Sunday, January 8, 2017

middle eastern people use greek word malakas and don't realize it

polychronio Actually, you are just illiterate and delusional. That's the reality. Sorry to burst your bubble, but you are a BIG MALAKAS. Read my name that applies to infinitely illiterate mental cases like you. Trying to steal the history of great peoples older than Greeks because of your unlimited inferiority complex and ignorance. Okay, Phoenicians are't really older, but you understand what I am exposing here. Greeks nationalists I admit, are the greatest laughing stock. At least, of your calibre. You clearly in fact know NOTHING about history. Your wild claims are absurd and dumb. Phoenicians are NOWHERE near Greece and actually did NOT came from Greece or have anything to do with us. Your delusions of grandeu baffle me. How did you areive to such an illogical flaewed conclusion? Does it has to do with you not being smart enough to descete between Middle Easterns and Mediterreneans? If you were not living under a rock you wouldn't spread propaganda brainwashing yourself with misinformation that Sumerians or Phoeniciabs are Greeks, or any kind of infinitely reduntsnt-claiming retardation. You just repeatedly claiming childish absurd bullshit and inconsistencies until soneone "accepts" them. There is a cure for that: Euthanasia Renew your psychiatric pills because the old ones really taunt you greatly.

greece has the greatest cultures and civillization ever in the history and middle eastern people copied greek cultures that their entire cultures are all greek cultures and you talk to me like that?!?


From Wikipedia, the free encyclopedia
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Malakas (Greek: μαλάκας; Greek pronunciation: [ma.'la.kas]) is a Greek slang word, with a variety of different meanings. The meaning varies depending on the tone and context used. It can be an exclamation of pleasure, an expression of dark horror, a cry of anger, a paean of affection, and other different things besides its literal equivalent, which in British English is "wanker".[1] Common alternative meanings include "asshole" or "jerk", and the contrasting "dude", or "mate", depending on the context.[2] It derives from the Greek word malakos (μαλακός), which means "soft" or "spoilt, well-used to luxuries of life".[3][4][5] It is one of the most frequent words picked up by tourists (often in its vocative case form, i.e. μαλάκα malaka /ma.'la.ka/) and travellers to Greece and is not unusual amongst the younger Greek diaspora, even when the level of Greek is low. A female form of the word exists, malako (μαλάκω), but is a recent coinage, whereas malakismeni (μαλακισμένη) seems to be rather more vintage.[6]


In everyday speech, the word malakas is used metaphorically to mean a person who uses no common sense. In addition, in parts of the world outside Greece, with significant Greek population (e.g. the United States), the word malakas appears well known among non-Greek people.[citation needed] It is considered inappropriate to be used against strangers, while it is acceptable among close friends, typically among males, resembling the meaning of "dude" or "mate". There are significant parallels between the word malakas and the word nigga used by some African Americans between each other giving them a sense of friendship or brotherhood. Additionally, also females may use the word in an affectionate way.[5]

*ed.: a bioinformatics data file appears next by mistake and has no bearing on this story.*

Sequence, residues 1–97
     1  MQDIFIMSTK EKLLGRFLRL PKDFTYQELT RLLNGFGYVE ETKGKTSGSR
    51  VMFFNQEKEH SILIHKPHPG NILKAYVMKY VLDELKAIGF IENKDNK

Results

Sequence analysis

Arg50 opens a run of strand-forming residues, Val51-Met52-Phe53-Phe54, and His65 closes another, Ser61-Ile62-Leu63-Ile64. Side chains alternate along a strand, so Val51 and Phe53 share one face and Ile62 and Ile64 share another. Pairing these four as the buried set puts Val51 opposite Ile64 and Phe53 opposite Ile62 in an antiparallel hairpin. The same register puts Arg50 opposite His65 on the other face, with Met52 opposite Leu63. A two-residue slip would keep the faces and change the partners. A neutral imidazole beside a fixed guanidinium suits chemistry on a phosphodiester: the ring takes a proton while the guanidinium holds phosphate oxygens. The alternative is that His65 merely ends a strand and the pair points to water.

Constructivist approach

Certain scholars examine the usage of the word malakas in modern Greek through an alternative scientific point of view; through constructivism (social and historical constructivism), and sociolinguistics, they study the effect of any and all aspects of society on the way language is used, and they focus on the interactions between language and society. James D. Fabion characterizes the term malakas as one of the most favorite, blithe and sexually malignant "curses" used among friends. He asserts that malakas, just like other Greek sobriquets (e.g. keratas "cuckold", poustis "faggot"), highlight failures of social or intellectual finesse:
"[…] the malakas is clumsy, gawkish, perhaps vaguely infantile. He is liable to utter malakies […] He is liable to be guillible. The malakismenos and the keratas are, if not immortal, still without existential fiber. They are without wit, and not uncommonly the dupes of others more witty or cunning."[7]
According to Fabion's sociolinguistic analysis, the malakas, the malakismenos, and the keratas as literal and as figurative characters, are all a rather shameful company, and they both fall short of the performative sine qua non of fully manly prowess: the exercise of sexual sovereignty, the sexual overpowering of another. Nevertheless, Fabion argues that the malakas is, at least, less pitiable being still a man. On the other hand, malakismenos is characterized as "unmistakably feminized", as the "patient of another's maneuvering". (Malakismenos is a passive participle, "someone jerked off"; significantly, one of the two feminine coinages uses the same participle.[7])


Malakia, literally meaning masturbation, is often also used in a similar sense as malakas to describe nonsense, an item considered worthless, or a mistake. The use of malakia to mean "masturbation" traces back to medieval Greek. It is used in this sense in the Life of Saint Andrew the Fool and in the Life of Saint Niphon, both of which date to the tenth century.[8]

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